Indian Rupee has fallen to ₹81.04 in its lowest performance since last 10 years

The Indian rupee fell to a record low against the US dollar on Thursday, as Asian currencies fell on concerns about the pace and magnitude of the US Federal Reserve’s upcoming policy tightening.

The rupee fell to a record low of 81.04 per dollar, down from 80.86 the previous session.

We checked the exchange rate of the Rupee in 2012 was around 57.2189.

It was the local unit’s worst single-day drop since February 24.

Reuters spoke with traders who couldn’t confirm whether the Reserve Bank of India intervened in the spot market during the session.

According to some traders, the RBI may have intervened to stop the rupee’s decline, but the intervention was not overly aggressive.

Meanwhile, traders at two state-owned banks flatly denied that the RBI sold dollars to stem the rupee’s fall.

The rupee was under pressure throughout the session after the Fed announced a hawkish outlook.

And, while the Fed’s 75-basis-point rate was expected, the rate forecast surprised financial markets.

The so-called dot plots predicted that rates would reach 4.4% by the end of the year, representing a 125 basis point increase over the remaining two meetings in November and December.

Furthermore, policymakers expect rates to rise to 4.6% by the end of 2023.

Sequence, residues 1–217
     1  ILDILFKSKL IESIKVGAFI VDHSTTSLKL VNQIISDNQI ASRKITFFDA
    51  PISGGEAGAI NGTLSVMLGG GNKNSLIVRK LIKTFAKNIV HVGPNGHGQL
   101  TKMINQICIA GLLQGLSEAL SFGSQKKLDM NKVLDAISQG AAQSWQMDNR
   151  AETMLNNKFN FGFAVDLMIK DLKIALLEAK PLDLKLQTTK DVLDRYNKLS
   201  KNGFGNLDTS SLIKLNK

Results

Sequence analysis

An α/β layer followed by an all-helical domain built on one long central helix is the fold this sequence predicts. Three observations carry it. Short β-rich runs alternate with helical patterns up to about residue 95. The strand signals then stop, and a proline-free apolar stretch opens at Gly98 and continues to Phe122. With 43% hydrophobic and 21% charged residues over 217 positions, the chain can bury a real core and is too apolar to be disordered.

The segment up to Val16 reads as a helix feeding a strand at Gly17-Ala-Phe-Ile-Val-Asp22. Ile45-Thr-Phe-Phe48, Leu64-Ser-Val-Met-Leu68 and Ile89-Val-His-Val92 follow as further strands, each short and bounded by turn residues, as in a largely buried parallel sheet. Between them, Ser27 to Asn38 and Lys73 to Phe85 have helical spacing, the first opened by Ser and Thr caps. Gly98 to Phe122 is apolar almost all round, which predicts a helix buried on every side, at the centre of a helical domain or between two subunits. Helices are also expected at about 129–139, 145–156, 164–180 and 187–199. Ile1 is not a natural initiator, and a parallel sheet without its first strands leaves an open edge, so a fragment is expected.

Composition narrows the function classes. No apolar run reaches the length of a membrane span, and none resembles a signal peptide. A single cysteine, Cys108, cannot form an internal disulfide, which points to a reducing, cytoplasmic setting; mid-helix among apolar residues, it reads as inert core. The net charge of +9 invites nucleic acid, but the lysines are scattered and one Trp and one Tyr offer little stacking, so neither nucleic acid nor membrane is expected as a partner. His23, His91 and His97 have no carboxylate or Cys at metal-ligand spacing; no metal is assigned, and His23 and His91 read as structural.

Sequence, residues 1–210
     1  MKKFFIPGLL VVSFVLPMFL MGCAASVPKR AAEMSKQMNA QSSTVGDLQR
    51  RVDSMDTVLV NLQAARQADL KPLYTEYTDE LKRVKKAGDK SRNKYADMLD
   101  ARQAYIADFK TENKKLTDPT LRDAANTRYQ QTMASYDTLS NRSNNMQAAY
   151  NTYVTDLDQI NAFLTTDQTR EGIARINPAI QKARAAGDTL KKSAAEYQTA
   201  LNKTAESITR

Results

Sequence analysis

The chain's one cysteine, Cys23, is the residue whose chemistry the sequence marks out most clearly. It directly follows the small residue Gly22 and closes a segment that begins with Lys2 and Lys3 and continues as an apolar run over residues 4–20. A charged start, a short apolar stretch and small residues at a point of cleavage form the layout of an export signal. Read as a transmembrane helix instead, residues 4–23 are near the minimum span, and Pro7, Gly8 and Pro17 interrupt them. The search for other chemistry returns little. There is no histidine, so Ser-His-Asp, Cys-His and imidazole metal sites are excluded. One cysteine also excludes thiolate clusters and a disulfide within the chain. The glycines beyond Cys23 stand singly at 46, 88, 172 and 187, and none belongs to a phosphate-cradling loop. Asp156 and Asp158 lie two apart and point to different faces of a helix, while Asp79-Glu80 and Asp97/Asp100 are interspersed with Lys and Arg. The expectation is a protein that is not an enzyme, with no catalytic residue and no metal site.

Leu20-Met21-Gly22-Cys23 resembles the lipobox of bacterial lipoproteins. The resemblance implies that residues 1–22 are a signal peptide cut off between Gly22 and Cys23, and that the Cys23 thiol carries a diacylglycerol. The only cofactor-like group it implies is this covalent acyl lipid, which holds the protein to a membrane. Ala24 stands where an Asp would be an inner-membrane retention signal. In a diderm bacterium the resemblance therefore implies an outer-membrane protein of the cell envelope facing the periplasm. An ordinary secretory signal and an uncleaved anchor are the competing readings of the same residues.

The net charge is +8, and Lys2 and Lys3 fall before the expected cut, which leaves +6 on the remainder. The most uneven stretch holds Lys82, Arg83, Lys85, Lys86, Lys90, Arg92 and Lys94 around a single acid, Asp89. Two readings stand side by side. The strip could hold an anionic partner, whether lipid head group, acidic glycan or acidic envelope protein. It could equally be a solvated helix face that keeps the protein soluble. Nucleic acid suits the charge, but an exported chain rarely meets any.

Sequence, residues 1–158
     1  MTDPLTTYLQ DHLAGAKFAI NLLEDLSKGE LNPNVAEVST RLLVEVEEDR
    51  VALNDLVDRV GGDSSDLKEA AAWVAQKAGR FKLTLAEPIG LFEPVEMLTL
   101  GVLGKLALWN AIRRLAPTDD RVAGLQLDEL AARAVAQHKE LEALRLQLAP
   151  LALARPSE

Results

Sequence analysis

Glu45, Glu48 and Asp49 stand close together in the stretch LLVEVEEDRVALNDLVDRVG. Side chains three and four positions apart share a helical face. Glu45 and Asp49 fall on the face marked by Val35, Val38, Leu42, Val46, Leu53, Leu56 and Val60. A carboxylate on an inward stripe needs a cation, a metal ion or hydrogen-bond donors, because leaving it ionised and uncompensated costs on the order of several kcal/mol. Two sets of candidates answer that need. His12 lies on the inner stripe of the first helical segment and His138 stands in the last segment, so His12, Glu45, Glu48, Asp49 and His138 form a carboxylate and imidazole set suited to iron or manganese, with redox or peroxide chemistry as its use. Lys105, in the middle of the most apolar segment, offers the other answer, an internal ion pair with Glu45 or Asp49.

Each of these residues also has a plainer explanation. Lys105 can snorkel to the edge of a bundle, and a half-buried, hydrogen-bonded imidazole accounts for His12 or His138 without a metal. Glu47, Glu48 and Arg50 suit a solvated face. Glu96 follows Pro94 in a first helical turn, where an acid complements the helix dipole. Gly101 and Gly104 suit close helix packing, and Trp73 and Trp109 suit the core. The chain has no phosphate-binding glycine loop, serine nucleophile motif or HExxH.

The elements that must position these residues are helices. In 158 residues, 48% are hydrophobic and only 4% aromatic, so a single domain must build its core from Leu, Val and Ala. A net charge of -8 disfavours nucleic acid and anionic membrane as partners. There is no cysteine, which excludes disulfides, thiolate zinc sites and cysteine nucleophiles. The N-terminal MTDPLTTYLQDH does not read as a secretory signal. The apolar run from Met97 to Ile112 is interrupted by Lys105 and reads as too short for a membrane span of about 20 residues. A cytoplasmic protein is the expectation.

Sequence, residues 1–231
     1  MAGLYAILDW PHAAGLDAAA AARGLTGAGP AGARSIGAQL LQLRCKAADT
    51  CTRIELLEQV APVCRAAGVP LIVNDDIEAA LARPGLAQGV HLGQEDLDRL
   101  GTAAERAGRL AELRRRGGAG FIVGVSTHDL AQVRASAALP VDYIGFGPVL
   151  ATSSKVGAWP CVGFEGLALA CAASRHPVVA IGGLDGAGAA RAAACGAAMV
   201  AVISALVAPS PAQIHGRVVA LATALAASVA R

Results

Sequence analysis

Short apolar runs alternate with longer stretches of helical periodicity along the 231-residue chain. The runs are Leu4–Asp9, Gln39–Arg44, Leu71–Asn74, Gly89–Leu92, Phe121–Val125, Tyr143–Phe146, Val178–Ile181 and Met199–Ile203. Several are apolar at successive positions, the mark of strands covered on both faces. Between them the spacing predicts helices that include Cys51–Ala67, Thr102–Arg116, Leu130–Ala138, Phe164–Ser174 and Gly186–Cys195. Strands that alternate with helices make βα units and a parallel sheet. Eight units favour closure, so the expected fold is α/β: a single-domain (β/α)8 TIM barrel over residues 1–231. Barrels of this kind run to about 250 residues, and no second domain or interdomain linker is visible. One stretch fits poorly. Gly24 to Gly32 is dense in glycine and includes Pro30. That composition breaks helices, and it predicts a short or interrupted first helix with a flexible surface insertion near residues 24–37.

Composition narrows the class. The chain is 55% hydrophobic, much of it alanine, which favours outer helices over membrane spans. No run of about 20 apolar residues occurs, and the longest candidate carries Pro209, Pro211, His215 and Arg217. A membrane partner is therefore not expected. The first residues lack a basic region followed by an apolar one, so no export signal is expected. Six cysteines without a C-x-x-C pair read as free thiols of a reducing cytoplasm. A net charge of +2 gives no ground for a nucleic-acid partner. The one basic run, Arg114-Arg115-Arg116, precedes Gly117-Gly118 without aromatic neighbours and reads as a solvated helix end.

Readers like you help support The Tech Outlook. When you make a purchase using links on our site, we may earn an affiliate commission. We cannot guarantee the Product information shown is 100% accurate and we advise you to check the product listing on the original manufacturer website. Thetechoutlook is not responsible for price changes carried out by retailers. The discounted price or deal mentioned in this item was available at the time of writing and may be subject to time restrictions and/or limited unit availability. Amazon and the Amazon logo are trademarks of Amazon.com, Inc. or its affiliates Read More

This website uses cookies to improve your experience. We'll assume you're ok with this, but you can opt-out if you wish. Accept Read More

function init() { var vidDefer = document.getElementsByTagName('iframe'); for (var i=0; i